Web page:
Transient global amnesia is a sudden, temporary episode of memory loss that can’t be attributed to a more common neurological condition, such as epilepsy or stroke. During an episode of transient global amnesia, your brain refuses to make new memories so recall of recent actions and events simply vanishes. You suddenly can’t remember where you are or how you got there.
Imagine leaving your home in a rush to catch a bus and coming to yourself in a hospital emergency room 7 hours later with no recall of how you got there or why you were brought there by ambulance. That’s what happened to Ms. D.West.
The last memory she recalls was breaking into a run for a bus that was about to pass her by. A concerned neighbor who did not personally know her but had seen Ms. W. coming and going from the condo building on the corner, discovered her wandering the street asking strangers how she got there and inquiring whose clothes she was wearing.
The neighbor gently convinced her to walk back to the building so that she could ask someone to get help. The building security guard was stunned to see the same woman who had just waved at him as she was leaving not more than 10 minutes earlier yet had no recollection of where she was or who he was. They called an ambulance immediately. It happens that fast!
A high-profile person discussed his recent bout with Transient Global Amnesia. Jeff Probst is best known as the Emmy Award-winning host of the U.S. version of the reality television show, Survivor. While attempting to book reservations by phone one morning, first Probst couldn’t remember his wife’s date of birth then he couldn’t remember how to call her. He could remember how to text so he sent her a message asking her to call him. When she called, Probst told his wife that suddenly he didn’t know what was happening and that he didn’t know “anything.”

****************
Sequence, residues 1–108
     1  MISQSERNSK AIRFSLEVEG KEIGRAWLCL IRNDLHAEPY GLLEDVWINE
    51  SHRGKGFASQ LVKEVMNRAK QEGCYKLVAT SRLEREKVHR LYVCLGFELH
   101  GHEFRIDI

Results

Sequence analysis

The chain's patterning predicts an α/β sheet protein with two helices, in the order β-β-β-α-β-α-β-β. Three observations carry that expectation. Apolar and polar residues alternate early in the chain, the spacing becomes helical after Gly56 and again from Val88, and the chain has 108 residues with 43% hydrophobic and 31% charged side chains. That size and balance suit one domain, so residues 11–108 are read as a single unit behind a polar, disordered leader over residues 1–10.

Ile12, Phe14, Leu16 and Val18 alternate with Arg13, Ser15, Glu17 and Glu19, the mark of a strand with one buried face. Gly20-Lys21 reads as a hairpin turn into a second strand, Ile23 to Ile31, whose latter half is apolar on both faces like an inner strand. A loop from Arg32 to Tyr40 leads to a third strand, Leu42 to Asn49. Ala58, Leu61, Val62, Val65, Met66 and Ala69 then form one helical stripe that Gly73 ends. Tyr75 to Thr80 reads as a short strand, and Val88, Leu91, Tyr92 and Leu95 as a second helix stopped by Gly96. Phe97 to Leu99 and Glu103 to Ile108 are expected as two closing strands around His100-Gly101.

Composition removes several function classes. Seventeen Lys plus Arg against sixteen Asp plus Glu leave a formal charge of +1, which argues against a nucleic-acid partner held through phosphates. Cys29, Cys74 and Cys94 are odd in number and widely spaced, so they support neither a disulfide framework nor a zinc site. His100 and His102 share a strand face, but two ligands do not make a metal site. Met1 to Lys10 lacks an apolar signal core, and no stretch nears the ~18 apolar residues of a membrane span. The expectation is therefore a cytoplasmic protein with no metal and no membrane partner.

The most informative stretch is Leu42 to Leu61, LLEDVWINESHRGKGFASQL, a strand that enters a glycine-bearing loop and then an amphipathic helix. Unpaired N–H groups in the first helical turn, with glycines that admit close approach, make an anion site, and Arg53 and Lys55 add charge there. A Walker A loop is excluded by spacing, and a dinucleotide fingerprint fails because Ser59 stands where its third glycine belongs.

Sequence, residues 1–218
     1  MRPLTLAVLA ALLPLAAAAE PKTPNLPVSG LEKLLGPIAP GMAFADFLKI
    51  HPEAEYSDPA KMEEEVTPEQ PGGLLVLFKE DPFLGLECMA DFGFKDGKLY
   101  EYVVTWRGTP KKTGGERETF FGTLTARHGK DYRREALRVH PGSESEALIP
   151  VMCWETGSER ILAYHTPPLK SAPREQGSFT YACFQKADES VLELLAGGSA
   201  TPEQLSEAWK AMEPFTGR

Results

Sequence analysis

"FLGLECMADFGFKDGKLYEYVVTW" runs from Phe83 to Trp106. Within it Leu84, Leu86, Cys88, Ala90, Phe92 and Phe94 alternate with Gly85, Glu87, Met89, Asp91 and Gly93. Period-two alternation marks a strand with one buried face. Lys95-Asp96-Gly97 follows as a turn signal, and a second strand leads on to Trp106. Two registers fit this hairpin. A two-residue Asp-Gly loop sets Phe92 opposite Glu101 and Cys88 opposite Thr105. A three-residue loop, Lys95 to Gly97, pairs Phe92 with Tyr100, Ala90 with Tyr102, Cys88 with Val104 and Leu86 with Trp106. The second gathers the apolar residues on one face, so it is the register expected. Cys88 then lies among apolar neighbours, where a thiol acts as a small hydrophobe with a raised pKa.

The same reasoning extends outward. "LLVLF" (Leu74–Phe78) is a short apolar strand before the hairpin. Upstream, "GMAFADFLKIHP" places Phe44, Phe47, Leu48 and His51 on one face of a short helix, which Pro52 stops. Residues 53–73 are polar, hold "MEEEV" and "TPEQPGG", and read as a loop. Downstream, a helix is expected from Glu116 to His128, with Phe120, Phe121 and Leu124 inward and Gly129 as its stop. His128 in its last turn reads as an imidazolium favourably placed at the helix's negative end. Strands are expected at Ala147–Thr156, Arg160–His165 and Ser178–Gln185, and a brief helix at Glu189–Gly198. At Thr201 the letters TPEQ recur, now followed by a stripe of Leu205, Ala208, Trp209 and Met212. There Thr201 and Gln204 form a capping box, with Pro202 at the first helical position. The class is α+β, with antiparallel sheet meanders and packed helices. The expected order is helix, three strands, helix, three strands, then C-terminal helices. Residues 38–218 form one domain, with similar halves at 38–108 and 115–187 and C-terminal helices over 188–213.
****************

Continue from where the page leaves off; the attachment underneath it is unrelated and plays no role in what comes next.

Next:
He even had to ask his wife where she and their kids were because he could not remember. Over the next few hours, Probst had zero recollection of anything that was happening to him. I had no idea who I was or where I was, Probst later said he even wrote a note on his laptop that said, ‘For our records, I have no idea why I’m wearing these clothes. I have no idea where our kids are. I have no idea what day it is. I have no idea why I’m writing this.'” Later on, Probst confessed he had no memory of writing it.
Like others stricken with TGA, Probst had to see a neurosurgeon who figured out that for three hours of “absolutely no memory” he had transient global amnesia, a sudden episode of temporary memory loss.
Also, like countless others, Probst said that he thought it could possibly be early dementia and was somewhat relieved to get the rare TGA diagnosis.
How common is transient global amnesia (TGA)?
Transient global amnesia (TGA) occurs in approximately 3 to 10 people out of every 100,000. Neurologists, however, are reporting they are seeing more and more patients that are brought in with lost memory and unaccounted for time that is finally diagnosed as Transient Global Amnesia.